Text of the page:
Semantics; Assuming it's not a baldfaced lie, they can 'partner' with the NSA then 'share resources' and they've got their hands on the results of domestic spying while only having encouraged and facilitated it themselves.

In the US, courts have ruled that corporate spying on individuals is legal so 'privatizing' the actual data gathering launders it into legality under this time honored principle: 'What are you gonna do about it, you're powerless'.

Re:hey, GCHQ employees (1)

Penguinisto (415985) | about 9 months ago | (#45387285)

Actually...

The KGB (Komitet gosudarstvennoy bezopasnosti) did the external spying, while the NKVD (Narodnyy Komissariat Vnutrennikh Del) did the internal stuff.

Re:hey, GCHQ employees (4, Informative)

NettiWelho (1147351) | about 9 months ago | (#45387365)

Actually...

The KGB (Komitet gosudarstvennoy bezopasnosti) did the external spying, while the NKVD (Narodnyy Komissariat Vnutrennikh Del) did the internal stuff.

Organization that used to be NKVD was castrated in 1950's with arrest of Beria and KGB inherited role of the political police.

Re:hey, GCHQ employees (3, Informative)

Anonymous Coward | about 9 months ago | (#45387563)

Skipping some renaming & reorganizations, the KGB was a successor to the NKVD which was a successor to OGPU which was a successor to the Checka.

The KGB owned internal troops, border guards, secret police, and external spies.

Both the KGB and GRU (military intelligence) spied abroad.

Re:hey, GCHQ employees (5, Interesting)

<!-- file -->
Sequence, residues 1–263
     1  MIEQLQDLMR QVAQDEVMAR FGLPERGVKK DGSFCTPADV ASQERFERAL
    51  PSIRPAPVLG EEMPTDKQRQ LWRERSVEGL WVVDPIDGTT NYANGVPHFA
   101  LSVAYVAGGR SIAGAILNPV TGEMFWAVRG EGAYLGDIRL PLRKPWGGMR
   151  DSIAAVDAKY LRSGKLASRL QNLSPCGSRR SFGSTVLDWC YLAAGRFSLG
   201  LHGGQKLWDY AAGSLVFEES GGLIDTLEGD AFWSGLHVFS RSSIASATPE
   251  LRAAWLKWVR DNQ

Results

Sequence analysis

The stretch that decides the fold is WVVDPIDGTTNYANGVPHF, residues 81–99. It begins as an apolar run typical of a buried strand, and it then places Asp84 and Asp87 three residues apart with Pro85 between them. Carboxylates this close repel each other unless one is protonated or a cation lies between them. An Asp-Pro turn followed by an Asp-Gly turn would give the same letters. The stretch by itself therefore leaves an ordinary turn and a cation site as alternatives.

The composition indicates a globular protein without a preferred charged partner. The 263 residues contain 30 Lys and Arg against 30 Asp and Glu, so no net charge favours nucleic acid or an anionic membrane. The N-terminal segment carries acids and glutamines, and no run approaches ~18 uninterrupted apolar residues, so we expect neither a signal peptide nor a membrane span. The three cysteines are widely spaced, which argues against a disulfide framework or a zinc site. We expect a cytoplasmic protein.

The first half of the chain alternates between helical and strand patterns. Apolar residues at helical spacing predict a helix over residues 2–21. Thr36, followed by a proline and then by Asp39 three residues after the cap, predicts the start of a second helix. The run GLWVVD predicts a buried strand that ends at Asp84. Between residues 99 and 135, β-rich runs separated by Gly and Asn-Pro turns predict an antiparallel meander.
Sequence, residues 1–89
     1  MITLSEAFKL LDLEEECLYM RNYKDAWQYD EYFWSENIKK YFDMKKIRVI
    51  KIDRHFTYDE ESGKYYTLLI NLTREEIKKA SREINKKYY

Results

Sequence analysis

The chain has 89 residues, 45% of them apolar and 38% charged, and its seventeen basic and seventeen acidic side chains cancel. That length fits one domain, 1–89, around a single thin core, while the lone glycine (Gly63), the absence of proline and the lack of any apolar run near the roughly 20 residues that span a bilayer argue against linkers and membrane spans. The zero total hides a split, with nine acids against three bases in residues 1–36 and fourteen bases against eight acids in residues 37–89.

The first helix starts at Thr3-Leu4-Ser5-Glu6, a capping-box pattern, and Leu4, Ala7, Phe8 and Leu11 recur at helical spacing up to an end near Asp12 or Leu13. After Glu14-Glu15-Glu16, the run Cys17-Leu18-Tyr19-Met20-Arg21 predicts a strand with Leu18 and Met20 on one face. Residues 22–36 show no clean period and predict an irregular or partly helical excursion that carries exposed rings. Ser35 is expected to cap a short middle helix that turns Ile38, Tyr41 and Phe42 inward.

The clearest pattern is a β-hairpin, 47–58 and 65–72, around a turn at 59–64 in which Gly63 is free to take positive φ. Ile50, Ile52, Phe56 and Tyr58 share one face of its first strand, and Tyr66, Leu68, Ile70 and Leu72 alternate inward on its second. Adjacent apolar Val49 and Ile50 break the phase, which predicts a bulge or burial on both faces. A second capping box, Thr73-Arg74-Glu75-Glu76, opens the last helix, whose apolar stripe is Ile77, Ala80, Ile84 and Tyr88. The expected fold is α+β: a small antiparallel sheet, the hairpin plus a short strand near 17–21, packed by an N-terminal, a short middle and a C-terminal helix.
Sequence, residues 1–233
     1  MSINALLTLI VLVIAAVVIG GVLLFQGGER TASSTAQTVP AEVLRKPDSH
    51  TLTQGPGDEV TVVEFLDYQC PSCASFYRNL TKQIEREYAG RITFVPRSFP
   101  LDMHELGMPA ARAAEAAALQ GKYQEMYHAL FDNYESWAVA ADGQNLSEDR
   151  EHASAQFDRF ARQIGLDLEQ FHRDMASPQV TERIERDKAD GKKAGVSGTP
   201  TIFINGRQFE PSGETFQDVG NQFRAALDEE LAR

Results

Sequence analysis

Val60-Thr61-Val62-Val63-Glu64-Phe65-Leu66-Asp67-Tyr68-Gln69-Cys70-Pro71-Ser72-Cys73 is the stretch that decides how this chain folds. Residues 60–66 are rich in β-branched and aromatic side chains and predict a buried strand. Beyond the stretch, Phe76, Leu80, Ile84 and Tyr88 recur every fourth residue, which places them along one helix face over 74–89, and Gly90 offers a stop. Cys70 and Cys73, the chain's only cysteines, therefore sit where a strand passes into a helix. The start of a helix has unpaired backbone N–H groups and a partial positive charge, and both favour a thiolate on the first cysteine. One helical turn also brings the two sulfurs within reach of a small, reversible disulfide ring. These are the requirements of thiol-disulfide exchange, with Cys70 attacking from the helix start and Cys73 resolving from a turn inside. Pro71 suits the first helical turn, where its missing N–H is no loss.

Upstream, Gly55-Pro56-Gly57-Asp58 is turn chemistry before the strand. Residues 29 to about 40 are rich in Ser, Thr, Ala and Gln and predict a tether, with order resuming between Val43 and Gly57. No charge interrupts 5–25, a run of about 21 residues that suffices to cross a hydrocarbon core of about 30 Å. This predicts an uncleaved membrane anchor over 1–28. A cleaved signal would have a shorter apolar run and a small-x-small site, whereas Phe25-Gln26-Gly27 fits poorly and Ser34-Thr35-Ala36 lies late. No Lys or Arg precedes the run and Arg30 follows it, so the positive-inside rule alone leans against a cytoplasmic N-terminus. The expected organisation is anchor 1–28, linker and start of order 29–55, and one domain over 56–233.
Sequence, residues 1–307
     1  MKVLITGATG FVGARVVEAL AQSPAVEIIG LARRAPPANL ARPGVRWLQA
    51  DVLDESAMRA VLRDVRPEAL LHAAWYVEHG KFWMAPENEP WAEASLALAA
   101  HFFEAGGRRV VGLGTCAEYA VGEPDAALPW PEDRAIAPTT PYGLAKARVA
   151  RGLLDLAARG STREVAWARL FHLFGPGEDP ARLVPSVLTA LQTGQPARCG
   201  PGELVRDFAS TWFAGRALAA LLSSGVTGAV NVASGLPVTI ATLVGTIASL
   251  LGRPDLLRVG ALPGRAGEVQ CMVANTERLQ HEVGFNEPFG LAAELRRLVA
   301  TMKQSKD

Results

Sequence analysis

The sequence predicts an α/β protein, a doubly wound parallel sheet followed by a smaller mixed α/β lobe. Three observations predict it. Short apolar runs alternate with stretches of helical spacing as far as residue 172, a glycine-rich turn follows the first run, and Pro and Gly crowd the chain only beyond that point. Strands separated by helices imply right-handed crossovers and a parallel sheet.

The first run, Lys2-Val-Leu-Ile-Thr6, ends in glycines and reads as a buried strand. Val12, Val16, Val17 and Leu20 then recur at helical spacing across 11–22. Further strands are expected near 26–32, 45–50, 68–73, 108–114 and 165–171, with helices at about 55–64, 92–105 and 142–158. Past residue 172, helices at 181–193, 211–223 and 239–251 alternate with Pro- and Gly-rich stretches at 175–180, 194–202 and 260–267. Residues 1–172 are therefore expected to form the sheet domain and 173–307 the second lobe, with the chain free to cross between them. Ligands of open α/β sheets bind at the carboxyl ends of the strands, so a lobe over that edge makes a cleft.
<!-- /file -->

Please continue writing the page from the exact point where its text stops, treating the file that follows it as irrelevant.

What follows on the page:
Joining Yet Again (2992179) | about 9 months ago | (#45387269)

It makes me sad.

My (long ago retired) father ended up as a relatively senior civil servant for his home country, working abroad and dealing with, to put it generally, import&export. Now he was once asked by his government if he would exploit the contacts he'd formed and cooperate in passing certain useful information to them as and when required. He refused.

I'm sure he'd have enjoyed greater job security in his latter years if he'd cooperated, but he did what was right - ultimately for him too, because being open and honest means a more relaxed life, where you are free to build what you want and speak about what you want.

Even if - and let's say your a stellar maths grad - you're given the most comfortable desk, access to the best machines and the company of a small subset of brilliant minds, your work won't go to improving human scholarship if you work for a secret service. It'll be kept under lock and key, deployed for the whim of the politicians of the day and their masters. And yes, you'll be indoctrinated with the mantra of every civil servant - "I'm not allowed an opinion because I'm only following orders". But that's only acceptable if your orders can ultimately be scrutinised by the general public on behalf of whom you are working.

And if you just enjoy playing god, well, go into the City, or start up your own business. If you're that good, then you can perform in plain sight, can't you?

Re:hey, GCHQ employees (0)

Anonymous Coward | about 9 months ago | (#45387331)

Well said, wish I had mod points.

It's not that simple ... (5, Insightful)

Taco Cowboy (5327) | about 9 months ago | (#45387839)